14. Fig 17.4

15. Multiplication and Division • Then (2)for z2 0, (3)

16. From the addition formulas from trigonometry, (4) (5)Thus we can show (6) (7)

17. Powers of z

18. Demoivre’s Formula • When r = 1, then (8) becomes (9)

19. Roots • A number w is an nth root of a nonzero number z if wn = z. If we let w = (cos + i sin ) and z = r(cos + i sin ), then The root corresponds to k=0 called the principal nth root.

20. Thus the n roots of a nonzero complex numberz = r(cos + i sin ) are given by (10)where k = 0, 1, 2, …, n – 1.

21. 17.3 Sets in the Complex Plane • TerminologyIf z satisfies |z – z0| = , this point lies on a circle of radius  centered at the point z0.

22. Example 1 (a) |z| = 1is the equation of a unit circle centered at the origin. (b) |z – 1 – 2i|= 5is the equation of a circle of radius 5 centered at 1 + 2i.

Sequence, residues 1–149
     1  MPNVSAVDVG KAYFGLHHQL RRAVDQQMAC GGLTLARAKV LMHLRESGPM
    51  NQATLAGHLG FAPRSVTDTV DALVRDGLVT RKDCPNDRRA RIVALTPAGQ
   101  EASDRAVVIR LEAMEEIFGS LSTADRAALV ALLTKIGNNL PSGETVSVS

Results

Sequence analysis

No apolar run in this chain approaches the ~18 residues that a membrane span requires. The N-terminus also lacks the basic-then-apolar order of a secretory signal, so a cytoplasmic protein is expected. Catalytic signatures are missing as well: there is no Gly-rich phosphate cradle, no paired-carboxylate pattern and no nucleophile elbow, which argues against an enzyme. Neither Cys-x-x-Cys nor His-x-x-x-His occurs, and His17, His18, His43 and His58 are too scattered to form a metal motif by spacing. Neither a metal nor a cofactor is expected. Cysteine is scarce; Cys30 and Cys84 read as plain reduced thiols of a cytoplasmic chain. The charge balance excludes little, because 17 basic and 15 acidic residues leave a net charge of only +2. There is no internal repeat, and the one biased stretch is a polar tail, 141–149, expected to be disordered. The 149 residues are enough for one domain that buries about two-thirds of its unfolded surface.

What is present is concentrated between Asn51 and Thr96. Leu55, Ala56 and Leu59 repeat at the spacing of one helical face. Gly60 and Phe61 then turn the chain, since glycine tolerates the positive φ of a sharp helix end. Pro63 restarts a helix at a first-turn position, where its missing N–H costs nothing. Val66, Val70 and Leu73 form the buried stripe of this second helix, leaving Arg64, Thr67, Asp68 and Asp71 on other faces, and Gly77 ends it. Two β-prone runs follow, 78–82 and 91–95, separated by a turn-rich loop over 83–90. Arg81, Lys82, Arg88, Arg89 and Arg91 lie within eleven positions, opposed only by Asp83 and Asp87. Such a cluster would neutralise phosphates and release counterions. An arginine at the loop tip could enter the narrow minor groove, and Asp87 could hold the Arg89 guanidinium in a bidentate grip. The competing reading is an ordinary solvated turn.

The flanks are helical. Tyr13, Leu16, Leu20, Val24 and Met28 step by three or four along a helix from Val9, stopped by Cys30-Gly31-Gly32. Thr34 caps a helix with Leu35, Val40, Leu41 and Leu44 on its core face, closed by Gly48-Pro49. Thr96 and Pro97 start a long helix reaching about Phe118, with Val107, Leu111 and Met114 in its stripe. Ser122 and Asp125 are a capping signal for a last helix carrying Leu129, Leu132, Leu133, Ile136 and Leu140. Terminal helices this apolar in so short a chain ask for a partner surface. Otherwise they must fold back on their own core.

23. If z satisfies |z – z0| < , this point lies within (not on) a circle of radius  centered at the point z0. The set is called a neighborhood of z0, or an open disk. • A point z0is an interior point of a set S if there exists some neighborhood of z0that lies entirely within S. • If every point of S is an interior point then S is an open set. See Fig 17.7.

24. Fig 17.7

25. Fig 17.8 • The graph of |z – (1.1 + 2i)| < 0.05 is shown in Fig 17.8. It is an open set.

26. Fig 17.9 • The graph of Re(z)  1 is shown in Fig 17.9. It is not an open set.

27. Example 2 • Fig 17.10 illustrates some additional open sets.

28. Example 2 (2)